By Gary Murray
Starring Mathew McConaughey, Anne Hathaway and Jessica Chastain
Written by Jonathan and Christopher Nolan
Directed by Christopher Nolan
Running time 2 hr 49 min
MPAA Rating PG-13
Selig Film Rating Cable
Christopher Nolan is an epic film maker. Some of his works have been Memento, Inception and The Dark Knight Saga of three Batman films. He makes big flicks with large ideas. His latest and longest is his newest Interstellar.
Set in the near future, Mathew McConaughey plays Cooper. He was a space pilot who never got a chance to go into the great beyond. It seems that the space program has become a myth and most do not believe that man actually ventured into the cosmos. Our history has been changed. Cooper and his daughter Murphy know the truth, not what is in the textbooks.
In this future, most people are farmers and the farming is not going well. It seems that something is wrong with the planet and that all the plants are beginning to die off. Very few know the actual truth of the seriousness of the situation. It is inevitable that mankind is on its last legs. It breaks Cooper’s heart that we have lost our desire to explore.
Young Murphy begins to notice what she calls a ghost in their house. Cooper and Murphy begin to realize it is Morse code and someone is giving coordinates. This leads them to a gated area. In the area are the remnants of NASA and Professor Brand (Michael Caine). He has a plan to save the human race.
A wormhole has appeared near Saturn and it seems that on the other side are some planets that could support human life. The plan is to go through the hole, find a habitable planet and transport the population of the planet to their new home. That is plan A. There is also a plan B where the DNA of the human race is saved and the planet is populated by the descendants of the human race. The current version of the human race would be over but a new generation of mankind will be born.
Twelve probes have been sent out and none have made it back. There is a signal from one that keeps repeating. It is the only hope. Cooper decides to leave his family on this multiyear trip to save the world.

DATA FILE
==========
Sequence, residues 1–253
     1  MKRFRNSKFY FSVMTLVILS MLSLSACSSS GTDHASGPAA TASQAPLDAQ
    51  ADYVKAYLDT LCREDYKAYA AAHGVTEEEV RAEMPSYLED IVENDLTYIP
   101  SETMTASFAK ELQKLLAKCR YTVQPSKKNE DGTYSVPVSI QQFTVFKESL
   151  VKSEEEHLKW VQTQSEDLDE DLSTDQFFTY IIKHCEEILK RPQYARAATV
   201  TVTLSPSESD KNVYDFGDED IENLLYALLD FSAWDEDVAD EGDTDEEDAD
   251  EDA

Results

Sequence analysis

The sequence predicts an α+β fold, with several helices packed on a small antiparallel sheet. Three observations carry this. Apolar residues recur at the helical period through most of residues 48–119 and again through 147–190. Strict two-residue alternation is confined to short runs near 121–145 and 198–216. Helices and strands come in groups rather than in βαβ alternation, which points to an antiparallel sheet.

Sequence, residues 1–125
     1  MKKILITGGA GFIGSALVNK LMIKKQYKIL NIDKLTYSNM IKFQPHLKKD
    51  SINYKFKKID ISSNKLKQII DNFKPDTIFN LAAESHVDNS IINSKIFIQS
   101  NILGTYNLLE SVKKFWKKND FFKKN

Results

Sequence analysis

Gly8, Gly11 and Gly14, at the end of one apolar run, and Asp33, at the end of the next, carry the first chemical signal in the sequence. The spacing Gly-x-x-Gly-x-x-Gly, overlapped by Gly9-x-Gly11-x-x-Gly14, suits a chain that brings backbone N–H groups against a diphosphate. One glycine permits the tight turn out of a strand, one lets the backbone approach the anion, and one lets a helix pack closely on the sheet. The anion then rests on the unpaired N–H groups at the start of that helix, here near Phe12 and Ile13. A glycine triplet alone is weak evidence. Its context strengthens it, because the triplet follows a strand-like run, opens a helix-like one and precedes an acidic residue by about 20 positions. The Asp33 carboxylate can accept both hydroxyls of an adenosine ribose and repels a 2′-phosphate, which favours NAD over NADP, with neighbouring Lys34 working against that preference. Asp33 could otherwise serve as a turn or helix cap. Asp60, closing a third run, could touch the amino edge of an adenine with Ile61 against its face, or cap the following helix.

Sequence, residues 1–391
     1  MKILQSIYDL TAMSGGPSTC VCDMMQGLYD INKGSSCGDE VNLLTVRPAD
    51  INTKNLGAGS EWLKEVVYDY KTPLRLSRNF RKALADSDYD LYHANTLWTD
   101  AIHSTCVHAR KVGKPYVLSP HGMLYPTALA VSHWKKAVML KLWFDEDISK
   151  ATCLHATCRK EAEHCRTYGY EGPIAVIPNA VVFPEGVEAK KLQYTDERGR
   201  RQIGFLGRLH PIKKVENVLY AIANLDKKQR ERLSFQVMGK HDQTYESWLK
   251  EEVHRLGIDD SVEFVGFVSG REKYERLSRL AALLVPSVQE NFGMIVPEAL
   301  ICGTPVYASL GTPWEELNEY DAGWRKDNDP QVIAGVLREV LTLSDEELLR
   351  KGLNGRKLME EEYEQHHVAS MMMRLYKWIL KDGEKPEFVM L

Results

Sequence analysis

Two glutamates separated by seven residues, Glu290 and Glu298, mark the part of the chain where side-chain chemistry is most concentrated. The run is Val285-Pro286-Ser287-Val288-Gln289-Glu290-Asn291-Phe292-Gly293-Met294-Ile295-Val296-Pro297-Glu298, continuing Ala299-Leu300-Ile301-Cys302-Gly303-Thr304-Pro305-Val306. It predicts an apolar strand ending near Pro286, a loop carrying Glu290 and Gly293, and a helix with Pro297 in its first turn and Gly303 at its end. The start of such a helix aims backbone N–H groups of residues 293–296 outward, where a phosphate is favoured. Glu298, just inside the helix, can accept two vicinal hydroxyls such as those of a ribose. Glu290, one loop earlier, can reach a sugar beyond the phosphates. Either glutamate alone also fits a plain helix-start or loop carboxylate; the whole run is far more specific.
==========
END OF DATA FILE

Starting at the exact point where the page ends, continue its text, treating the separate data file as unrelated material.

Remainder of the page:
The story is of the ship going through the wormhole and the exploration of the new worlds on the other side. One is a water planet that has swells that are the size of mountains. They also go near a black hole which bends time. While they are on the planet for hours, regular time goes on for years. It all ends with an examination of what mankind will go through to save itself and how family love is the most powerful force in the universe.
The film is a very mixed bag of a feature, one that will draw sharp divisions with movie patrons. Some will absolutely hate every minute of the work while others will be enthralled by the concept. While I found some of the images interesting, the overall work just didn’t work.
There are so many little things that I hated in the film. First off, the robots are grating like a bad cross between HAL and the personality computers in the Hitchhiker’s Guide to the Galaxy. They move like a spike ball, tumbling over water and rocks. It just looks stupid.
Also, it is irritatingly loud. The explosions rock the theater with such a volume that it pierces the eardrum. One needs earplugs to cut down on the explosive sounds. At the same time, the human voices are muffled and garbled. At time, one needs subtitles just to understand what is being said by the actors.
The casting was weak. Anne Hathaway was miscast as the fellow scientist. The more the film goes along the harder it is to believe that she is a hardened space explorer. While not as bad as some of the space bimbos that peppered the creature features from the 1950s, it was just as out of place performance.
The same can be said for Jessica Chastain as the adult Murphy. It takes a great leap of faith to believe her character arc and that she would be such an important lynchpin in saving the human race. To call the idea far fetched is a stretch.
One of the problems with winning the Oscar is the follow-up. One cannot go down that same path without people saying they are repeating themselves. At the same time, taking to great a risk challenges the expectations of the audience. That is the problem with Matthew. In this role, he is in way over his head. We go along with the premise of the film but not always with his acting. It takes a long time to get to the third act and Nolan and McConaughey has lost us in a sea of special effects.
On the plus side, some of the visuals are just stunning. The trip through the wormhole is a cool fan-boy experience. The explorations of the ice planet feels as if were a real alien world. It is just that some great visuals do not make for a great cinema experience. By the time the film gets to the end and to the point about love, most of the audience is lost in the minutia of the experience. It is way too many ideas crammed into a single movie.
In the end, Christopher Nolan thought he was making 2001: A Space Odyssey and ended up making 2010. It is not a seminal film on the exploration of man but a sci-fi adventure flick more along the lines of a Saturday matinee than a serious exploration of science. I feel that he wants to tell us something grand about the human experience but even he isn’t sure about what he is saying. One wants to yell “Tell us something!”